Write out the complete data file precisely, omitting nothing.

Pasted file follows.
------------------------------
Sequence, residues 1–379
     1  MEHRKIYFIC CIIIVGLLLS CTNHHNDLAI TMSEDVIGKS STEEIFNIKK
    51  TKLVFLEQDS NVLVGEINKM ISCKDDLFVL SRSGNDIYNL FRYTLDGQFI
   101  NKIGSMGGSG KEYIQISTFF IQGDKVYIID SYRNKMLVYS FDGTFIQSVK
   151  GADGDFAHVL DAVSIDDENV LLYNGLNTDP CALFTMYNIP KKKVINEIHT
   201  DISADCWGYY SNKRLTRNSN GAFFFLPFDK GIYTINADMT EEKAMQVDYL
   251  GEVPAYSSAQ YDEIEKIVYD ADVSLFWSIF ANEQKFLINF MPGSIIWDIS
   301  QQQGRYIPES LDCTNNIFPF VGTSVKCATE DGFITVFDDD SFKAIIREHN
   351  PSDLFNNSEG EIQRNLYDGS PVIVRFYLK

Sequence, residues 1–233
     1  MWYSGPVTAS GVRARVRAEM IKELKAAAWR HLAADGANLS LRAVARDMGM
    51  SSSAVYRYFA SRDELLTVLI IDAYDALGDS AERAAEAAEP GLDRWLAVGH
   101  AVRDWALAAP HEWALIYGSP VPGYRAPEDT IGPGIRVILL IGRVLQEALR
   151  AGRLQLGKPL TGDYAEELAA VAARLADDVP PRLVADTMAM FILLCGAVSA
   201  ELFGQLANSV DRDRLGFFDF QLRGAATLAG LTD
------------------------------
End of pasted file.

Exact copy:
Sequence, residues 1–379
     1  MEHRKIYFIC CIIIVGLLLS CTNHHNDLAI TMSEDVIGKS STEEIFNIKK
    51  TKLVFLEQDS NVLVGEINKM ISCKDDLFVL SRSGNDIYNL FRYTLDGQFI
   101  NKIGSMGGSG KEYIQISTFF IQGDKVYIID SYRNKMLVYS FDGTFIQSVK
   151  GADGDFAHVL DAVSIDDENV LLYNGLNTDP CALFTMYNIP KKKVINEIHT
   201  DISADCWGYY SNKRLTRNSN GAFFFLPFDK GIYTINADMT EEKAMQVDYL
   251  GEVPAYSSAQ YDEIEKIVYD ADVSLFWSIF ANEQKFLINF MPGSIIWDIS
   301  QQQGRYIPES LDCTNNIFPF VGTSVKCATE DGFITVFDDD SFKAIIREHN
   351  PSDLFNNSEG EIQRNLYDGS PVIVRFYLK

Sequence, residues 1–233
     1  MWYSGPVTAS GVRARVRAEM IKELKAAAWR HLAADGANLS LRAVARDMGM
    51  SSSAVYRYFA SRDELLTVLI IDAYDALGDS AERAAEAAEP GLDRWLAVGH
   101  AVRDWALAAP HEWALIYGSP VPGYRAPEDT IGPGIRVILL IGRVLQEALR
   151  AGRLQLGKPL TGDYAEELAA VAARLADDVP PRLVADTMAM FILLCGAVSA
   201  ELFGQLANSV DRDRLGFFDF QLRGAATLAG LTD